Owls of North America

  • Barn OwlBARN OWL
    (Tyto alba)
    This owl is in a class of its own, literally! Or to be more precise, the Barn Owl is in a family of its own.
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  • Barred OwlBARRED OWL
    (Strix varia)
    If you’re ever walking through a North American forest at dusk and hear a wild hooting cry, don’t be alarmed.
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  • Boreal OwlBOREAL OWL
    (Aegolius funereus)
    Whoo is that hiding in the deep, dark forests of the North? It’s the Boreal Owl of course!
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  • Eastern Screech OwlEASTERN SCREECH OWL
    (Megascops asio)
    This is the species that gave the Screech Owls their name. Not only do Eastern Screech Owls screech, they also...
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  • Elf OwlELF OWL
    (Micrathene whitney)
    Mirror, mirror, on the wall, whoo is the smallest of them all? The Elf Owl, that’s whoo!
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  • Flammulated OwlFLAMMULATED OWL
    (Ottus flammeus)
    Have you studied another language in school? There are thousands of languages in the world...
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  • Great Grey OwlGREAT GREY OWL
    (Strix nebulosa)
    Small creatures of the North beware; the Great Grey Owl is on the hunt!
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  • Great Horned OwlGREAT HORNED OWL
    (Bubo virginianus)
    An owl with horns? Could it be so? Of course not!
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  • Long-Eared OwlLONG-EARED OWL
    (Asio otis)
    Do owls really have ears? Yes, all birds have ears!
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  • northern hawk owlNORTHERN HAWK OWL
    (Surnia ulula)
    Is it a hawk or an owl? Is it an owl or a hawk?
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  • Northern Pygmy Owl NORTHERN PYGMY OWL
    (Glaucidium californicum)
    The word “pygmy” means small, and that certainly describes the Northern Pygmy-Owl!
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  • Northern Saw-whet OwlNORTHERN SAW-WHET OWL
    (Asio acadius)
    Because of their nocturnal nature, owls can be tricky to locate. But with detective work, you just might be able to find.
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  • Short Eared OwlSHORT-EARED OWL
    (Asio flammeus)
    Another owl with a funny name…But if we have a Long-eared Owl, of course we must have a Short-eared Owl too.
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  • snowy owlSNOWY OWL
    (Bubo scandiaus)
    It’s no wonder Harry Potter chose this owl to be his right hand man.
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  • Spotted OwlSPOTTED OWL
    (Strix occidentalis)
    Have you ever been to the famous Redwood forests of California or the Pacific Northwest?
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  • Western Screech OwlWESTERN SCREECH OWL
    (Megascops kennicotti)
    Owls make lots of unusual noises; they hoot, toot, scream, bark, hiss, and screech.
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  • Whiskered Screech OwlWHISKERED SCREECH OWL
    (Megascops trichopsis)
    The Whiskered Screech Owl is the most mysterious of the three Screech Owl species.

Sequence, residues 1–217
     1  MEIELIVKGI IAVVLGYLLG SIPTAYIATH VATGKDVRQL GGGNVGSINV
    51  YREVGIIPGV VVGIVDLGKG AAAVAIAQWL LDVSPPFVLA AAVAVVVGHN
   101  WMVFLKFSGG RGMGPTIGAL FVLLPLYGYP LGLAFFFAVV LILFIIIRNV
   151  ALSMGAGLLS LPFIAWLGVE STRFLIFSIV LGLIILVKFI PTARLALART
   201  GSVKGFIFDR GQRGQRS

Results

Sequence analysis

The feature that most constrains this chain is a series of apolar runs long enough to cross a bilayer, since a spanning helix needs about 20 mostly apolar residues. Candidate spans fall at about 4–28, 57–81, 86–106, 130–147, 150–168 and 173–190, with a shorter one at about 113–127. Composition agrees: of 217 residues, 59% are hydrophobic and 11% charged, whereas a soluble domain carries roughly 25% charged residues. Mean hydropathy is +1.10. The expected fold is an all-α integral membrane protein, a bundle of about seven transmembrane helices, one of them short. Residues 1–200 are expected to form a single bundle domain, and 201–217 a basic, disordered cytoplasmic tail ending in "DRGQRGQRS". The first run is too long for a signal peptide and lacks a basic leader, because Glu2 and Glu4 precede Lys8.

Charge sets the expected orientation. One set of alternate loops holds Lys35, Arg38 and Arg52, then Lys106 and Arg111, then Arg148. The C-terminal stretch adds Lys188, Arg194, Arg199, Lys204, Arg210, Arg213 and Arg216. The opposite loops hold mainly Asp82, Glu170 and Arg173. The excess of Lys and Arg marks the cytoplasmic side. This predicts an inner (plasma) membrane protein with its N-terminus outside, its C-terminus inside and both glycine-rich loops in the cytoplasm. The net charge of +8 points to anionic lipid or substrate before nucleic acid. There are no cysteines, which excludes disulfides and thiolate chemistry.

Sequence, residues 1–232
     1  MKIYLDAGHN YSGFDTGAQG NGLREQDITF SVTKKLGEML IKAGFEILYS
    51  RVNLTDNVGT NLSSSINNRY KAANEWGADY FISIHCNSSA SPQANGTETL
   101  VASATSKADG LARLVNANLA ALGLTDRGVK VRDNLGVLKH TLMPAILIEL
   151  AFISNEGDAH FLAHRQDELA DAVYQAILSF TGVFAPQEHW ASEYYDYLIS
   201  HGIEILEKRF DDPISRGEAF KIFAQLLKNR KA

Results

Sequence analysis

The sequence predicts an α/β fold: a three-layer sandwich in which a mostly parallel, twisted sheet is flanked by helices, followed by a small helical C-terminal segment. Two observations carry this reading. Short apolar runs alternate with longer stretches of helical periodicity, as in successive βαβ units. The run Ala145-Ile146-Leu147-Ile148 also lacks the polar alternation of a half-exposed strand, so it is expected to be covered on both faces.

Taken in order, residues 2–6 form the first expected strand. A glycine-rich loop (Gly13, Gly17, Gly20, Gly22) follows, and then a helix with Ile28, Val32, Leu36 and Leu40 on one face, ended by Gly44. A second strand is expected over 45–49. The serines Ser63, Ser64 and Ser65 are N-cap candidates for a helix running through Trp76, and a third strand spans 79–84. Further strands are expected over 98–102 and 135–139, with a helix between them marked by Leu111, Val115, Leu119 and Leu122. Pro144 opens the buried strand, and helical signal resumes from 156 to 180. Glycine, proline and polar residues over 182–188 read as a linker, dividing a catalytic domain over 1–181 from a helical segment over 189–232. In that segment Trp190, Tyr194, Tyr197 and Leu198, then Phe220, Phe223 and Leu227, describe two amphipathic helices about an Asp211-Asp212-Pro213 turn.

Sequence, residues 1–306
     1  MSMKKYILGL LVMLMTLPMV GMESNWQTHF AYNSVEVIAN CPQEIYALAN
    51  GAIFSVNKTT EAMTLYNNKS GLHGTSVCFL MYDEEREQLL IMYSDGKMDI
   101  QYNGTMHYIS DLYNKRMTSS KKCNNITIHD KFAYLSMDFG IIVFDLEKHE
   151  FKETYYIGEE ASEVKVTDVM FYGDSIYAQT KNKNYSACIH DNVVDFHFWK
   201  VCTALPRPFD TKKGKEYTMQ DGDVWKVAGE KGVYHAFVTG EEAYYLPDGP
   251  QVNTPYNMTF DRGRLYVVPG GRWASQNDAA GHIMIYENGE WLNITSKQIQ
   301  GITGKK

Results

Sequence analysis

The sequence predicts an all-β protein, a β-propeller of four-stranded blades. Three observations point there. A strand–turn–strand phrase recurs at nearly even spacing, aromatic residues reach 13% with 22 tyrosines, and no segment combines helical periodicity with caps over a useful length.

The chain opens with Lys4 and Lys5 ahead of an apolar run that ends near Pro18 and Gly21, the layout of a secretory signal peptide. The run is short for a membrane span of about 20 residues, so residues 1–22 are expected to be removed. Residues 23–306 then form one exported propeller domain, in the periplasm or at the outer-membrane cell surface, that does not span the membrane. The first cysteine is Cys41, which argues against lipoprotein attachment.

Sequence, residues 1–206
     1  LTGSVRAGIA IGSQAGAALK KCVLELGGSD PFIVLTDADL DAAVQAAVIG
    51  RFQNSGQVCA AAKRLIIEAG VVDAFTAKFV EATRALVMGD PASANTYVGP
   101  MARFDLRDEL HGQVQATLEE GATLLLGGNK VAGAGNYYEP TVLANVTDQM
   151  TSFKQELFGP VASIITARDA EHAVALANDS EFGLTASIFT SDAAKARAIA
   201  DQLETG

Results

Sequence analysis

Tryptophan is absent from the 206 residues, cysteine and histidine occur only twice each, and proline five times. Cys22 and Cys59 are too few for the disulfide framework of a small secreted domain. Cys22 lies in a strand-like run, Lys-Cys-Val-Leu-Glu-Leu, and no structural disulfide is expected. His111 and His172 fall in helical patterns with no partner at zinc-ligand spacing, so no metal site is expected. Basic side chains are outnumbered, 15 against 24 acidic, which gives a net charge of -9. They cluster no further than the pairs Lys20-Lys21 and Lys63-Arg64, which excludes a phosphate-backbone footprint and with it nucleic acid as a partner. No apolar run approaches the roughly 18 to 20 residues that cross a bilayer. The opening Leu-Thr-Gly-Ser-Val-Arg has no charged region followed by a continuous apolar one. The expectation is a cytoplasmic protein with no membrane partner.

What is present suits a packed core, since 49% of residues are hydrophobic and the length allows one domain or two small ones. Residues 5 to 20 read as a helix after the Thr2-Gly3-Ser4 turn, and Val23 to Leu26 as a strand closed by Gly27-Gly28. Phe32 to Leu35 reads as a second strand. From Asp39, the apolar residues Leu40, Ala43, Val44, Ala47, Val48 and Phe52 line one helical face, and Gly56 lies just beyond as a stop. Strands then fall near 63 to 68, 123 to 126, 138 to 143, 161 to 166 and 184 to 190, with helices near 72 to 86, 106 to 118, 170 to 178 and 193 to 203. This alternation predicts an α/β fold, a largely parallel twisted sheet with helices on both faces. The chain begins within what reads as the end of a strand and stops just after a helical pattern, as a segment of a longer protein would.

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  • Barn Owl
  • Barred Owl
  • Boreal Owl
  • Eastern Screech Owl
  • Elf Owl
  • Flammulated Owl
  • Great Grey Owl
  • Great Horned Owl
  • Long-Eared Owl
  • Northern Hawk Owl
  • Northern Pygmy Owl
  • Northern Saw-whet Owl
  • Short-Eared Owl
  • Snowy Owl
  • Spotted Owl
  • Western Screech Owl
  • Whiskered Screech Owl

The Roost Newsletter
2016 The Roost Newsletter
(2016 Newsletter, PDF, 2.05MB)

Check out the Institute's new release!

2002 December National Geographic Snowy Owl
Articles featuring
Denver Holt and photos by Dan Cox


Owls, Whoo Are They?Owls, Whoo Are They? Kids book.

Arctic WingsAward winning Arctic Wings Featuring
Denver Holt

Welcome to the Owl Research Institute - Charlo, Montana

owl eyes

For more than 25 years, the Owl Research Institute (ORI) has been dedicated to scientific research of owls — their ecology, natural history, and habitat relationships.

Because owls are chronically under-researched and poorly understood, we strive to provide high-quality, long-term studies of owls, and use our findings to promote conservation.

Here are some of our successes:

  • Sustaining studies of Long-Eared (since 1982), Snowy Owls (1992), and prey species (1992)
  • Assessing populations and habitats of Montana’s 15-some owl species
  • Disseminating our findings with more than 80 scientific publications
  • Collaborating with federal, state, and local groups to facilitate wildlife and habitat protection
  • Teaching natural history, through classes and conferences, to thousands of people each year.

Ninepipes Research CenterOur research station, the Ninepipes Center, is situated in the Mission Valley of western Montana. Surrounded by wildlife refuges, grasslands, and wetlands, the area is home to Grizzly Bears, American Bison, and record-setting numbers of raptors.

The Owl Research Institute is a non-profit, 501(c)3, tax-exempt organization (EIN 81-0453479), and primarily funded by grants from foundations, corporations, and individuals. Here are some things you can do to help us achieve our mission of wildlife conservation through research and education:

  • Become a member of the Owl Research Institute
  • Take part in one of our wildlife tours
  • Come to our annual fundraiser, the Hat Party
  • Participate in one of our volunteer work projects
  • Get involved in one of our research programs!